Igbo legend tells us that weavers from thatvillage were among those to do so in the late nineteenth century. Usingimported threads in an array of vibrant colours, and inspired by cloth importsfrom England, India, and elsewhere, the legendary weaver Dada Nwakwata beganweaving designs of her invention.
Said to be the founder of weaving as it is now known in her villages, DadaNawkwata has remained a major role model for Akwete weavers, who like her claimthey can weave any cloth design set before them.
Akwete cloth refers specifically to the cloth woven in the Ndokitown of Akwete in Ukwa East local Government Area of Abia State.
The mid- to late nineteenth century, weaving grew from part-time activity thatoccupied some women, to full-time occupation in which all Akwete womenparticipated. At this period, Akwete weavers responded to the patronage ofneighboring Ijo peoples of the Niger- Delta, devising novel techniques tocreate desired patterns in new materials.
Just like most women's weaving throughout Nigeria, Akwete weaving is done on anupright frame loom with continuous warp and other
The basic Akwete cloth is usually made of cotton thread whilst the decorativepatterns and effects are added with thread of heavier texture or contrastingcolours.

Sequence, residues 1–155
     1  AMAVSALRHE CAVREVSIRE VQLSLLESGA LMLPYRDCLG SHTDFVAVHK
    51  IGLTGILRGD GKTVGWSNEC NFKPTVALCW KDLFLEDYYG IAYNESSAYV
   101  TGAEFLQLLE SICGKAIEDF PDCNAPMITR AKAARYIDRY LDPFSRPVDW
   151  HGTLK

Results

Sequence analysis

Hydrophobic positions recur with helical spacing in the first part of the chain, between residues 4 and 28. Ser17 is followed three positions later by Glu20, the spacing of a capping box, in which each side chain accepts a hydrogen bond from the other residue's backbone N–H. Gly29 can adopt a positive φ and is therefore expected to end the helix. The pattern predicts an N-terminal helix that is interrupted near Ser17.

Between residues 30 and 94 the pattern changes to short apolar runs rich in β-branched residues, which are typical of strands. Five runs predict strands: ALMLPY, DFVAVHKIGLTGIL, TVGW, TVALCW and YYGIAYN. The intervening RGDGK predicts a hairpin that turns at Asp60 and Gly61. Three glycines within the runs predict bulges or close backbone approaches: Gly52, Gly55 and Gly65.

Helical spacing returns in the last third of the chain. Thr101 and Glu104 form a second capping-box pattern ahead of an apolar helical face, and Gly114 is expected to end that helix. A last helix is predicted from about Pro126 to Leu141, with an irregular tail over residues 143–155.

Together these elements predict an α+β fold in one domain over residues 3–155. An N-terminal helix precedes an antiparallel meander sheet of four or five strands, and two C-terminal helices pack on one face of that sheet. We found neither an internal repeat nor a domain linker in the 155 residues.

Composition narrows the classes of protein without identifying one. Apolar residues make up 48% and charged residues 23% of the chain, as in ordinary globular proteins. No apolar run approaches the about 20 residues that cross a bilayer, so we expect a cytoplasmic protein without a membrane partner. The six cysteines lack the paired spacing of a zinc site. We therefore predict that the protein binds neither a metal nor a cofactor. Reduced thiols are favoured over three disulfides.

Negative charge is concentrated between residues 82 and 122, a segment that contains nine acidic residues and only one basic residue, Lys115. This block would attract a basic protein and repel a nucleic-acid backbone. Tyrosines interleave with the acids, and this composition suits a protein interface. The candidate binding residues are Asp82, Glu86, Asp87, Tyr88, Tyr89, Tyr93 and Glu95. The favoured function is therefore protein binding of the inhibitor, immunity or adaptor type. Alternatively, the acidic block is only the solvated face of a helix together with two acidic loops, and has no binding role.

The elaborately modern versions of the cloth could be made entirely of
In former times, only royal families could wear the 'Ikaki' motif, andif an ordinary person attempts to wear it, he could be sold into slavery. Theweavers claim that certain motifs and designs were revealed to them in thedreams
Materials Used For Production
The materials used in the production of Akwete cloth are as follow: Loom,heddle,beater/sword,yarn/ twine /brass spatula, rope, shuttle, wax
Women usually tie the cloth as a wrap-aroundskirt (wrapper) with a blouse of lightweight machine-made fabric. The cloth isusually woven in pairs and the Igbo women wear the two wrappers on publicoccasions, the first one tied to reach the ankle and the second one to mid-calflength.
While the Men use the fabric to sew traditional shirts popularly known as jumper,Wokor, or Etibo. These they wear over forspecial occasions. The cloth may also be woven in smaller versions that couldbe used as curtains, cushion, table, lectern, or bed covers.